Wednesday, December 31, 2008
Reflections on 2008
New Year's Eve 2008. We are going to Portland to spend time with friends and to celebrate the New Year, and what a year it has been. There is definitely part of me that says "Good Riddance" to 2008 but really, I feel like before I look forward to 2009, I have to pay my respects to a truly life changing year. It brought many things-some good and some not so good.
Loss: We lost Larry's son to a blood clot and our friend Marty to cancer. We lost our carefree life. Turmoil: Larry and I were both laid off from our jobs at different times. My layoff was a notification and I will be employed at WaMu until the end of March. In the face of everything else that happened this year, not being sure of our financial security threw our lives into more turmoil. Devastation: Not only was I given the devastating news that I had been diagnosed with cancer but so were many friends: Michael, Marty, Ankie and Shana. Pain: Larry and I both had surgeries this year but ours was not isolated to physical pain. The mental pain of being diagnosed with a potentially deadly disease is significant. It is immense-this possibility of dying and leaving my children and family. It is immense for everyone who loves me as well. No matter how hard we all try to stay positive, the fact remains that people die from cancer and I do not want to be one of them. Fear: The fear of the unknown when being diagnosed is almost tangible. The fear that there was more cancer than we were aware of, fear that it would win, fear that the treatments would be unbearable. I could end my reflections of 2008 there and say that it was an extremely miserable year, but it wouldn't be a very true reflection. It was miserable at times....really miserable, but that wasn't all of it.
Joy: In direct opposition to the devastation came the joy of finding out that my cancer was contained in one breast. We also found joy in everyday things; time with friends, good food, special events, sunshine and lots of laughter. Gratitude: I'm an independent person. I don't often need help from other people but I can't say how grateful I am for the amazing support of family and friends. I will never understand how people can battle cancer on their own. There is simply no possible way I could have done it without the great people in my life. Strength: I have many people tell me that I am brave and courageous but I don't see it that way. It's not like I had a choice in the matter; I couldn't just roll over and die, I had to get up and fight. What I do see is that I have more strength than I thought. Not only do I have strength, but so do my husband and my children. They are really the brave and courageous ones. They did have a choice and they chose to get in the ring with me and thank God they did! Pride: I have been proud of my children since the day they were born, but I am so proud of my family and how they have handled this. They have handled it with grace, compassion, determination, humor and love. Isn't this what we want from our children and spouses? To know that they can handle the hard things as well as they can handle the easy things? Happiness: Does it seem odd to say that in the year that I have been diagnosed with breast cancer that I would find myself to be happy? I am. I am very happy with my life and have found a certain confidence in myself that I didn't have before. I have found a joy in expressing myself through writing-something I didn't know that I needed. Clarity: My priorities are defined in a much different way since my diagnosis. Friendships are important, family is important, my job is important and my health is important. My health! I have ignored it for many years and been lucky. Now I get to pay attention to it and be grateful to do so.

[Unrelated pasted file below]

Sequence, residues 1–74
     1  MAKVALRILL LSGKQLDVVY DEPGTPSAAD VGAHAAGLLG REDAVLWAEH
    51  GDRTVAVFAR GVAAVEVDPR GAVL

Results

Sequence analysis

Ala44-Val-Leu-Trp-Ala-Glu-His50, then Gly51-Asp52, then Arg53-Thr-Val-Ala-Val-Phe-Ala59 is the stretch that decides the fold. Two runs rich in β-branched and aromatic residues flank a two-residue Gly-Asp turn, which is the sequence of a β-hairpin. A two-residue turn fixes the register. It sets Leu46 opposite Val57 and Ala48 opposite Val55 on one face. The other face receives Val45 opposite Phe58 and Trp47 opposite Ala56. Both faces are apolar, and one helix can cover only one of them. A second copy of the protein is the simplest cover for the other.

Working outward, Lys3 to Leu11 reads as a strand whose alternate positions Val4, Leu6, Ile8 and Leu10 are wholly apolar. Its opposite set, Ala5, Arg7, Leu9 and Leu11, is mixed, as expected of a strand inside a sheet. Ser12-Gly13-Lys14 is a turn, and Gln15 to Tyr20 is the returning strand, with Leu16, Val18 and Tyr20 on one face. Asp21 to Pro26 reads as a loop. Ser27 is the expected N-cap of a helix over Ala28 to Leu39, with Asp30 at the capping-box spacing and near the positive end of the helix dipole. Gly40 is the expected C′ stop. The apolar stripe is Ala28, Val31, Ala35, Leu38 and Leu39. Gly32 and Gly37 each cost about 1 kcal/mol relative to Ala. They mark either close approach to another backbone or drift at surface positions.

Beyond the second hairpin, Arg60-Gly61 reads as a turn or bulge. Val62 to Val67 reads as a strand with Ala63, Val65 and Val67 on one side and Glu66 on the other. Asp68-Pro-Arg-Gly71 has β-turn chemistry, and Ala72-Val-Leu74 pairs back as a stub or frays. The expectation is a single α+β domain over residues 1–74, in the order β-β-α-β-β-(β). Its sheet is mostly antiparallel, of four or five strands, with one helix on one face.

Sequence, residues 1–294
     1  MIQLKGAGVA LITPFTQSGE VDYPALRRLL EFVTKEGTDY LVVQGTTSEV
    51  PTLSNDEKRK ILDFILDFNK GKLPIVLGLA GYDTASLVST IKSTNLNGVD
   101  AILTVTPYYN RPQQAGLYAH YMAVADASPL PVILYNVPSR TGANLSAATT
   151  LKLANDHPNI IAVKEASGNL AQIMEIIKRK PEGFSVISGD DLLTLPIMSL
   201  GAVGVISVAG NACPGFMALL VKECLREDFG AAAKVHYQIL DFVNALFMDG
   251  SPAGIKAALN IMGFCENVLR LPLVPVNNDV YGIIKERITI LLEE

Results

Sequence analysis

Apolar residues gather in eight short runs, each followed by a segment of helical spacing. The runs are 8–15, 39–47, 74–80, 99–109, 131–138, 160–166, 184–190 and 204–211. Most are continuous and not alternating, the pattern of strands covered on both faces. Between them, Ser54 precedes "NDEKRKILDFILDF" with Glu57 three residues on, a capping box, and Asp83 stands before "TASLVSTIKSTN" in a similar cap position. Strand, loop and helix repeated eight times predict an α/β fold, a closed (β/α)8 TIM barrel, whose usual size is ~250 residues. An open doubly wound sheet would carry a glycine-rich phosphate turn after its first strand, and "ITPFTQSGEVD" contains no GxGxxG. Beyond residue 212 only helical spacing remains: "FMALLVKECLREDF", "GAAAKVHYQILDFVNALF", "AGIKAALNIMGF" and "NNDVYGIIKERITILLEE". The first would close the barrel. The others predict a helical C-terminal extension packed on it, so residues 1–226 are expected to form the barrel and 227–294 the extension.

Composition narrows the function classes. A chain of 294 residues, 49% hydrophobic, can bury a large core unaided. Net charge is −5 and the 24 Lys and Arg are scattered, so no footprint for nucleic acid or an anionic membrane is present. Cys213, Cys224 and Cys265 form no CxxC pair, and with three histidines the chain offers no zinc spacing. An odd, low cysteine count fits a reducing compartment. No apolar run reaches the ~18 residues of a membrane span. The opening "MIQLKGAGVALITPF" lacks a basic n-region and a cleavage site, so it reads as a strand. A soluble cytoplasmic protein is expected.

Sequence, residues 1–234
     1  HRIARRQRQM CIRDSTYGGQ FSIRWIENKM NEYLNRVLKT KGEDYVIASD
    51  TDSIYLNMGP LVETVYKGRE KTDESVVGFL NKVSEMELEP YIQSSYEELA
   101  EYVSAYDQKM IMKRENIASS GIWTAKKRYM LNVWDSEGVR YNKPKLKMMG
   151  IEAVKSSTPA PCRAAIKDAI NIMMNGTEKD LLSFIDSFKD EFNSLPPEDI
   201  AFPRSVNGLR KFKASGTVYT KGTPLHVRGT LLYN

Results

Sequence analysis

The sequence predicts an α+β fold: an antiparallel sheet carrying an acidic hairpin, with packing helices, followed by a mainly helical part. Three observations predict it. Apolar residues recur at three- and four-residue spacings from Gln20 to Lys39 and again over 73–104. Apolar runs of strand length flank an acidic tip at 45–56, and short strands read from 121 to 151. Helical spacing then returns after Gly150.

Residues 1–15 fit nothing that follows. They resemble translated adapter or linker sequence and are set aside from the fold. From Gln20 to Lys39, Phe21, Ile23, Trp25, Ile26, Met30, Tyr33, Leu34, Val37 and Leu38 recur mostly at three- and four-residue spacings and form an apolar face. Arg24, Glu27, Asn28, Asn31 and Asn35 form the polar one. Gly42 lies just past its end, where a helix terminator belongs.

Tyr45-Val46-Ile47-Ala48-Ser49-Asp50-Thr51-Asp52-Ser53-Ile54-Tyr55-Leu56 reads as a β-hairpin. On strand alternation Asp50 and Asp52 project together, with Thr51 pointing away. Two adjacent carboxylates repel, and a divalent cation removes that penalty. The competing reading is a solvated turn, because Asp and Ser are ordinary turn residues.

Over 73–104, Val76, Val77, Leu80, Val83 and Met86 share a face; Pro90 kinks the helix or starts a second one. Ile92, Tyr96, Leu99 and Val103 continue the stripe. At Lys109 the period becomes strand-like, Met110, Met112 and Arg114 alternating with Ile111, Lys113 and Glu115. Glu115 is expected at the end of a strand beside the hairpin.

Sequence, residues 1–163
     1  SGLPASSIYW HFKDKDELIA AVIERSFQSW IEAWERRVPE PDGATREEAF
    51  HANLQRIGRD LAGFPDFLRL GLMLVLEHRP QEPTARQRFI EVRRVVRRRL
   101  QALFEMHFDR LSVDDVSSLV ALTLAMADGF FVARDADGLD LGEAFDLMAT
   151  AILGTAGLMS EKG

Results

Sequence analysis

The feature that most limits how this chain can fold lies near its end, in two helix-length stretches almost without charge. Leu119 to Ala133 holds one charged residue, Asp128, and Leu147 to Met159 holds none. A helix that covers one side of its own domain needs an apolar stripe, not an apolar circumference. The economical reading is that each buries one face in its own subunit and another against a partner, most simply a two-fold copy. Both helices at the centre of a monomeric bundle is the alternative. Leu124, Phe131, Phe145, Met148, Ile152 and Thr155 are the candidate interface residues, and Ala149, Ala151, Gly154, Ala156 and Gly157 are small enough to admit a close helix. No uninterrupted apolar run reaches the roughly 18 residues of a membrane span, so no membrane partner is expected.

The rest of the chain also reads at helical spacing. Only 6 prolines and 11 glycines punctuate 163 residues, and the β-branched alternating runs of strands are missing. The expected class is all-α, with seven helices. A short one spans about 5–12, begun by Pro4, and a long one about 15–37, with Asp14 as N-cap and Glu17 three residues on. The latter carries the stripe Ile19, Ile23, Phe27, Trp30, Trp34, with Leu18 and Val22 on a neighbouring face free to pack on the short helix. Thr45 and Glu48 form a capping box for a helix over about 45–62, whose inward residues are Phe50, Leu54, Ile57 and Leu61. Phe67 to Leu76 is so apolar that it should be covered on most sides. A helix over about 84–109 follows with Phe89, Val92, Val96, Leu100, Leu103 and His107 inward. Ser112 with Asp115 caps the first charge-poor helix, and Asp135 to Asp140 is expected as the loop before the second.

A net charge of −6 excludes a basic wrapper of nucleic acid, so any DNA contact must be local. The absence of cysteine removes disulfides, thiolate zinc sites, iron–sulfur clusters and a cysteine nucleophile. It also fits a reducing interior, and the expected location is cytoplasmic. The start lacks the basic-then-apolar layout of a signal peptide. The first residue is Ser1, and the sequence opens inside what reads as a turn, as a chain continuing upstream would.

2008 was a terrible year in many ways and I wouldn't have wished it upon myself or my family. But now that it is done, I recognize it for what it was...life changing. It brought as many good things as it did bad things and I am grateful for the opportunity to recognize and appreciate both. I will not go so far as to say that I am grateful to have cancer. I'm not-I still hate it. But I am grateful for those positive things that it has brought into my life and those things that I have had the opportunity to view in a different light. I am grateful to have made it through so that I can lay 2008 to rest with the dignity that it deserves.